Closeness and Cruelty: On Tana French’s “The Searcher”
By Glenn HarperNovember 29, 2020
The Searcher by Tana French
French portrays a rich Irish landscape at the edges of a townland in the west of the country: “The sky, dappled in subtle gradations of gray, goes on forever; so do the fields, coded in shades of green by their different uses, divided up by sprawling hedges, dry-stone walls and the odd narrow back road. Away to the north, a line of low mountains rolls along the horizon.” In the novel’s first few pages, we’re introduced to the main character, Cal, a former cop who has relocated (alone) from Chicago to rural Ireland, as well as the major themes of the story: the labor involved in the renovation of an old house, the task that Cal has set himself in his self-imposed exile, and Cal’s life as an outcast, exemplified in his relation to a flock of rooks nesting in a tree in his yard.
The book opens with Cal noticing that “the rooks have got hold of something,” a small animal, still alive, that they are ripping apart. Shortly after, when Cal is working in the house, “a sleek mid-sized rook landed on the sill of the open window, yelled what was obviously an insult, and then flapped off laughing.” Cal tries to make friends with them, offering them scraps and tempting them to come closer, but instead they “cuss him to hell and back again,” jeer, shout, bicker among themselves, scream abuse, and react to his approaches with “a collective eye-roll.”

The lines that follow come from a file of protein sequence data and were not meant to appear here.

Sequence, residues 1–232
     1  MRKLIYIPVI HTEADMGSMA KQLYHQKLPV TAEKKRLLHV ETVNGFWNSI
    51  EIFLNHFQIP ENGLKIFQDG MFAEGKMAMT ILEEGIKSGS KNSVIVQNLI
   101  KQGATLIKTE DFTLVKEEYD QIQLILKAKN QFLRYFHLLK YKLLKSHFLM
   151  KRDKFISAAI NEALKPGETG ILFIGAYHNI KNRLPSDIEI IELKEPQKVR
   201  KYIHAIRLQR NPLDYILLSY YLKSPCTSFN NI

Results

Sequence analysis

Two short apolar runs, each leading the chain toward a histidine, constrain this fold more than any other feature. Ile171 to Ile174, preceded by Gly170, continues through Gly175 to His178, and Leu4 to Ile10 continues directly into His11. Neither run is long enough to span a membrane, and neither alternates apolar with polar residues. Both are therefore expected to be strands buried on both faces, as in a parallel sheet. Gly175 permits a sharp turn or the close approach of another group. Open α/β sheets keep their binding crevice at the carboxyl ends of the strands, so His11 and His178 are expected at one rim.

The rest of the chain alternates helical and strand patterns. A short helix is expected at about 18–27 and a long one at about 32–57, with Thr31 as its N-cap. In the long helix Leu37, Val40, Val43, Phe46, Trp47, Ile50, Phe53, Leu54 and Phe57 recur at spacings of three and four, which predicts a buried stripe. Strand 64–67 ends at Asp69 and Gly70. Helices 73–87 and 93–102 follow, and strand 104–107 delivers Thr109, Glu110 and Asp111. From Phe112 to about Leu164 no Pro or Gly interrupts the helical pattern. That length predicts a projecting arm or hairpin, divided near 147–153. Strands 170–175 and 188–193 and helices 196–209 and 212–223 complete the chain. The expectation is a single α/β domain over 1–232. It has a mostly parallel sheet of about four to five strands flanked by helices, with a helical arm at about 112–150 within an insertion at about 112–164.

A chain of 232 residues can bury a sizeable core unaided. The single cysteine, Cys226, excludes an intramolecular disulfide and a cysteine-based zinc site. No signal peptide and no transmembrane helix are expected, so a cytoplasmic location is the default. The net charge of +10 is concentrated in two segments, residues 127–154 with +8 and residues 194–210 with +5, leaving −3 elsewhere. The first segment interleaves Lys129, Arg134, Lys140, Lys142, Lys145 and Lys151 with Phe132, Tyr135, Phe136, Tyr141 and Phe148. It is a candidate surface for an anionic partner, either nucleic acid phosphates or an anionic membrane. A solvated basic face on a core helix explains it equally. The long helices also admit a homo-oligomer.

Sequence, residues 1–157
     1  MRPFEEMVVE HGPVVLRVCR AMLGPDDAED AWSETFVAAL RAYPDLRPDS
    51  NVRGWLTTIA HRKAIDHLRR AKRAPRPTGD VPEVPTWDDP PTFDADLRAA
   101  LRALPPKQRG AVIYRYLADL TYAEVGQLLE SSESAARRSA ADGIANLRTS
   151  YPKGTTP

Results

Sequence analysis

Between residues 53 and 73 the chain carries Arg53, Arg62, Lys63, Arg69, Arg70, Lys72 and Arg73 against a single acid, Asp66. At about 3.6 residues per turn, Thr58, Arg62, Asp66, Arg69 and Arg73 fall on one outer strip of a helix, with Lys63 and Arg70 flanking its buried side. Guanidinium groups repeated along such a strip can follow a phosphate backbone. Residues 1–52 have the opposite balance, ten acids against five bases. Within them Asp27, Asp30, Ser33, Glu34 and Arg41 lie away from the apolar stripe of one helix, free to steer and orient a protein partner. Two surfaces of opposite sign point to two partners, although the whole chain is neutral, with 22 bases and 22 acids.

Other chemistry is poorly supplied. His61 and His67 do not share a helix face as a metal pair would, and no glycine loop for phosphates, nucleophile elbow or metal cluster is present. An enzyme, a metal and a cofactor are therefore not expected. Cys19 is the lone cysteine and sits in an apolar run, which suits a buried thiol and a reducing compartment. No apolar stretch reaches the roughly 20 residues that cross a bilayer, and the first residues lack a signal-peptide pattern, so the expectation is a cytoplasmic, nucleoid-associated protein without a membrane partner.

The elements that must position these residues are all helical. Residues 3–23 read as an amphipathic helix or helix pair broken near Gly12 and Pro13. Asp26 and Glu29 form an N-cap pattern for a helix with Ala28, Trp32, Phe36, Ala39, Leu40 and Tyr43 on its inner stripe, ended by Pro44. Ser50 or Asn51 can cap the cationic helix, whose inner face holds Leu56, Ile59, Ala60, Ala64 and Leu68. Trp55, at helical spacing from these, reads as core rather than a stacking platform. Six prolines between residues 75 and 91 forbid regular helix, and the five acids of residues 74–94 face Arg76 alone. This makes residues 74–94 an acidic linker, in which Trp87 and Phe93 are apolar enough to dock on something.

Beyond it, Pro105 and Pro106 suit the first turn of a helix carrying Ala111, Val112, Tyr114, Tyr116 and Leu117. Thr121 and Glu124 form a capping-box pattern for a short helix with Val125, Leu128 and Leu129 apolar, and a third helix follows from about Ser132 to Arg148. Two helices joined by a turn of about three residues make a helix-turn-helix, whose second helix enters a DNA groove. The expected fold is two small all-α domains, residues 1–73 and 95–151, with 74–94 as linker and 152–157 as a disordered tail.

Throughout the book, the birds are anthropomorphized as a microcosm of the local natives and yet are also ruthless in the totally natural manner of the animal kingdom. The birds are literally the original residents (Cal says to himself that “the rooks have been here a lot longer than he has”), and their manner as almost-human predators and scavengers exemplifies both the natural and the social environment in which Cal finds himself. Through a loquacious and opinionated neighbor, he finds his way gradually into a group of local farmers, all male, who meet in the nearest pub, where they argue, laugh, and insult one another. And, as with the rooks, there is a potential violence always present among at least some of them, awaiting some unpredictable provocation.
In the early chapters, Cal’s orbit, having left his daughter and ex-wife behind in the United States, is relentlessly male; his only female contact is Noreen, the keeper of the local shop. There is an earnest masculinity in this section of the novel present in the close attention Cal pays to the natural environment. The plot develops in the slow rhythm of Cal’s work on the old house, evoked as much in its muscular effort as in the progress of the work: “[H]e doesn’t mind the aches. They satisfy him; along with the blisters and thickening calluses, they’re solid, earned proof of what his life is now.”